Whisper in the Dark by Robert Gregory Browne (Pan Books 05 September 2008 / £6.99) - A new thriller from a writer described as on of America's hottest new talents. Robert Gregory Browne's Whisper in the Dark is a paperback original published by Pan.

"When a violent and incoherent naked Jane Doe is found cowering in the street near the scene of a brutal murder, a pair of bloody scissors in hand, Detective Frank Blackburn is faced with a tough question: is she a victim or the killer herself? Determined to get some answers, Blackburn takes the young woman to the Baycliff Hospital detention unit, to renowned psychiatrist Michael Tolan, in the hope that he will work his magic and get her to open up. But Tolan has problems of his own. One year ago today his beloved wife Abby was brutally slain by a savage serial killer named Van Gogh. And just this morning Vincent himself called Tolan, claiming his innocence, claiming he didn't kill Abby at all. He's convinced, however, that the young doctor did and promises to make him pay.Could Van Gogh be right? Could Tolan have killed his own wife? Soon Blackburn is convinced that the murder he's investigating, the mysterious witness and the death of Abby Tolan are all somehow connected. And, above all, Jane Doe is desperately trying to communicate with the world to expose the real killer's identity a killer who is equally desperate ...and about to kill again."

Pocket Books

Master of Darkness by Susan Sizemore (Pocket Books 01 September 2008 / £6.99) - Prolific and best-selling US author Susan Sizemore has Master of Darkness published in the UK as a Pocket paperback original. Another supernatural romance, this one is "...Set in a thrilling and sexy contemporary vampire world... a tale of a powerful vampire Prime and his battle to protect his clan, and the woman he loves, from a terrible danger...".

"Great action, snappy dialogue and powerful prose... Susan Sizemore's Master of Darkness is engaging from beginning to incredible end." -- A Romance Review

Prometheus Books

Son of Man by Robert Silverberg (Prometheus Books 09 July 2008 / £9.99) - A reissue of Robert Silverberg's 1972 classic, Son of Man. A Pyr trade paperback.

"[Son of Man] is profligate, spendthrift, wildly generous with image and sensation and with sexuality." -- New York Times.

Stalking the Unicorn: A Fable of Tonight by Mike Resnick (Prometheus Books 10 September 2008 / £9.99) - Pyr reissue Mike Resnick's 1987 novel Stalking the Unicorn, a noir/fantasy hybrid that pre-dates the current trend for urban fantasy. Resnick is a writer with an extraordinary pedigree and a truly remarkable biography - the Pyr cover copy relates "He has won five hugos and been nominated for twenty-six more. He has sold fifty-two novels and almost two hundred short stories. He has edited forty anthologies..." - be sure to check him out at

Stalking the Vampire: A Fable of Tonight by Mike Resnick (Prometheus Books 10 September 2008 / £16.99) - Resnick's long-awaited sequel to Stalking the Unicorn (see above) has Detective Mallory on the trail of a vampire. A smart hard cover release from Pyr.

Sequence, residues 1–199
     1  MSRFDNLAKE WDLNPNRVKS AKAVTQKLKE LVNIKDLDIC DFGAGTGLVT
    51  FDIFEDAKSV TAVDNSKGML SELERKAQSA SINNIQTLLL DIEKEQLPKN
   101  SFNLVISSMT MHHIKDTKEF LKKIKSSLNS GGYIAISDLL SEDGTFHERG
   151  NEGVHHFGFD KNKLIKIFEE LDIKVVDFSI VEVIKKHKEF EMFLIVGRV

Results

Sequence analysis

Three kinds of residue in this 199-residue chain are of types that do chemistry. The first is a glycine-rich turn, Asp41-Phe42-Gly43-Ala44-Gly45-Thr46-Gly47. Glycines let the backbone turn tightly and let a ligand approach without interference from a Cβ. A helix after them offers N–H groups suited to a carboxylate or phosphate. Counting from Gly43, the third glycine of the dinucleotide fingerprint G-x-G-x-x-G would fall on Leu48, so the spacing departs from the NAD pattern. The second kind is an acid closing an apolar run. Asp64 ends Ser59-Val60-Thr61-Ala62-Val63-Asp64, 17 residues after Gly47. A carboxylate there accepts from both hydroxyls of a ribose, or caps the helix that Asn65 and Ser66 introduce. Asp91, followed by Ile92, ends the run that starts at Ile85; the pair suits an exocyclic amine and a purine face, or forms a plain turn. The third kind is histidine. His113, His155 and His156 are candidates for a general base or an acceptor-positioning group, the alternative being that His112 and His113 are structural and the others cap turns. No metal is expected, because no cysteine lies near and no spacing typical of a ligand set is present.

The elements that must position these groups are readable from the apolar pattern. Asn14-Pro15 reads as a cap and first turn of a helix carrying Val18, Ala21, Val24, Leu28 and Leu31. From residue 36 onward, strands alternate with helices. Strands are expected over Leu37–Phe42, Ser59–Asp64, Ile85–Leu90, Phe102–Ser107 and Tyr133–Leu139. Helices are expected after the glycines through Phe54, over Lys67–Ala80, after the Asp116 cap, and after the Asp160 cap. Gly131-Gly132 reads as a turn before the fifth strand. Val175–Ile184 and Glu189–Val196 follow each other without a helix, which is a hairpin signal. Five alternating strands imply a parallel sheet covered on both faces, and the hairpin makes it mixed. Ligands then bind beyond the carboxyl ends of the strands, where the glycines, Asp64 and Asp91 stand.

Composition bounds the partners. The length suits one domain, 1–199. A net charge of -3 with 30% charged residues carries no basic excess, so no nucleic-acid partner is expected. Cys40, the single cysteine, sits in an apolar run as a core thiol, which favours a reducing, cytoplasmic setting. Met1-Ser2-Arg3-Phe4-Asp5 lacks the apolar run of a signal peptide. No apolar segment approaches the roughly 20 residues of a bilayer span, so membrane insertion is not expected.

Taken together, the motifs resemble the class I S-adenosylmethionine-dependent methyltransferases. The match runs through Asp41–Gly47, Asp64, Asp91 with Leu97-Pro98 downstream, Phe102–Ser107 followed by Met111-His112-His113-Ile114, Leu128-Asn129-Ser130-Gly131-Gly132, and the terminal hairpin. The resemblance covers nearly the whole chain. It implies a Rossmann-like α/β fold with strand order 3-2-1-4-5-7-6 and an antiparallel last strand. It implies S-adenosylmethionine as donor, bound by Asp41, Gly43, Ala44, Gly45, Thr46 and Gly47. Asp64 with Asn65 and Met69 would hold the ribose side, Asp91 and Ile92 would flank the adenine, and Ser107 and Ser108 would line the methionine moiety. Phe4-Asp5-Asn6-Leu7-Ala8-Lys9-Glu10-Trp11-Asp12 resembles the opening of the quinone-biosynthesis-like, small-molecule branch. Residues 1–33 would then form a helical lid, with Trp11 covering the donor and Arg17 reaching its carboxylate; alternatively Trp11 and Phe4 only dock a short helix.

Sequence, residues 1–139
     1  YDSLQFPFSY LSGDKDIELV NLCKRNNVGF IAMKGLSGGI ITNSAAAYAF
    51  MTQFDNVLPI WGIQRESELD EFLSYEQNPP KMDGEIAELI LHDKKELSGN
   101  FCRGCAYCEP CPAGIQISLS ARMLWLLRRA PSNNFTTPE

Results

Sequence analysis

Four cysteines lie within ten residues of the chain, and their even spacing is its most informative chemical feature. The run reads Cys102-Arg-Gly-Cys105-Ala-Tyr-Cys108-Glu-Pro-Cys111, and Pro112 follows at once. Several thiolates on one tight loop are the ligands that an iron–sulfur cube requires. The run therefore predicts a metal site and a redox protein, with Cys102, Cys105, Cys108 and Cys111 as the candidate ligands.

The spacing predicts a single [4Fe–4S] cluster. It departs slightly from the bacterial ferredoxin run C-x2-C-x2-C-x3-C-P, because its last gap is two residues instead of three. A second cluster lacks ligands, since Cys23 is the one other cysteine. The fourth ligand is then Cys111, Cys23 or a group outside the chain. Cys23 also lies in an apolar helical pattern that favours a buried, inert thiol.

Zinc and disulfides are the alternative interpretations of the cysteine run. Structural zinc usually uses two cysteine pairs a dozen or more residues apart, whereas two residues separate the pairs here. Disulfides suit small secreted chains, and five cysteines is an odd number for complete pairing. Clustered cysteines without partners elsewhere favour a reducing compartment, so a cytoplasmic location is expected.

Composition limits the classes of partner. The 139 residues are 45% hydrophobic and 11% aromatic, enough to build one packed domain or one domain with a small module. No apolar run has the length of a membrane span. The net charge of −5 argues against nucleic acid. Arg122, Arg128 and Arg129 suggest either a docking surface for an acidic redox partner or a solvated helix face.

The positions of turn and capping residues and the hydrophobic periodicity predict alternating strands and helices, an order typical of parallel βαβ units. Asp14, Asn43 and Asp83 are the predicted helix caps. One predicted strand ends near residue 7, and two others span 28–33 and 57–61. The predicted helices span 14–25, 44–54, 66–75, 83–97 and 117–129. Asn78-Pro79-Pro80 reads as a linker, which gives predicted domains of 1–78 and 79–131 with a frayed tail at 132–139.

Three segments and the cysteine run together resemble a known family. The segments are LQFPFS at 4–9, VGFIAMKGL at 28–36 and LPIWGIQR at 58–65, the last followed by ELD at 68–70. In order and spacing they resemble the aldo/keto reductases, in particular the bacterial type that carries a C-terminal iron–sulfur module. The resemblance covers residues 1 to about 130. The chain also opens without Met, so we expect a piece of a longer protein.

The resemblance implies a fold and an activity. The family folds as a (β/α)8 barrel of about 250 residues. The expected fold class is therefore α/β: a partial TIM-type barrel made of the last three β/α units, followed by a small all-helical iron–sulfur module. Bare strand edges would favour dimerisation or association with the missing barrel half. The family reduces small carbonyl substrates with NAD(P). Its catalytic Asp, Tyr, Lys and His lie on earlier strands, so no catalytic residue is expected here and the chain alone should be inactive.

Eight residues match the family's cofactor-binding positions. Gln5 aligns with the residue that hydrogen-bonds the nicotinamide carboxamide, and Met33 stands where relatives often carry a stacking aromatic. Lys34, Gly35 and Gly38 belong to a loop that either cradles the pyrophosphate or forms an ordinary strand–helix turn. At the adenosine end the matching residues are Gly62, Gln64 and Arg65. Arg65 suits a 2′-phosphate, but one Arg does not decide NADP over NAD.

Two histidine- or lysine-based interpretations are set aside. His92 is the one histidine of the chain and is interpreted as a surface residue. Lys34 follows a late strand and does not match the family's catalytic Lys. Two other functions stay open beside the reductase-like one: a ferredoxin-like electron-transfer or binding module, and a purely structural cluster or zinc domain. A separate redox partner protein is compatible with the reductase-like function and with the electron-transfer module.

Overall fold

"Resnick's often-hilarious sequel to Stalking The Unicorn continues the offbeat investigations of PI John Justin Mallory, now a permanent resident of an alternate Manhattan....This time, his team includes Scaly Jim Chandler, a dragon with hopes of making it as a pulp author, and a vampire who prefers tomato juice to blood. Readers with a taste for supernatural whimsy will find much to enjoy here." - Publishers Weekly

PS Publishing

The Pilo Family Circus by Will Elliott (PS Publishing 24 August 2008 / £20.00) - Australian author Will Elliott's astonishing début won the inaugural ABC fiction award as well as the Golden Aurealis and Ditmar awards - pretty much a full house of the top Aussie genre prizes. It was also nominated for the International Horror Guild award - yet in spite of all these accolades, this dark delight didn't really reach its target audience when it was first published here in the UK. PS Publishing have now put that right with this beautiful hard cover limited edition, available in two states.

The Pilo Family Circus is a malevolent and anarchic black comedy that will scare the pants of you and have you in fits of giggles at the same time. It really is something special!


The Magic Thief by Sarah Prineas (Quercus 04 September 2008 / £9.99) - Quercus continue to develop their YA line with the publication of The Magic Thief, a delightful fantasy for youngsters by Sarah Prineas and already seen in the US, published there by HarperCollins to much acclaim. As well as this UK deal (which will see the book appear in Australia and New Zealand) rights have been sold in a dozen or so territories.

"In a city that runs on a dwindling supply of magic, a young boy is drawn into a life of wizardry and adventure. Conn should have dropped dead the day he picked Nevery's pocket and touched the wizard's locus magicalicus, a stone used to focus magic and work spells. But for some reason he did not. Nevery finds that interesting, and he takes Conn as his apprentice on the provision that the boy find a locus stone of his own. But Conn has little time to search for his stone between wizard lessons and helping Nevery discover who—or what—is stealing the city of Wellmet's magic."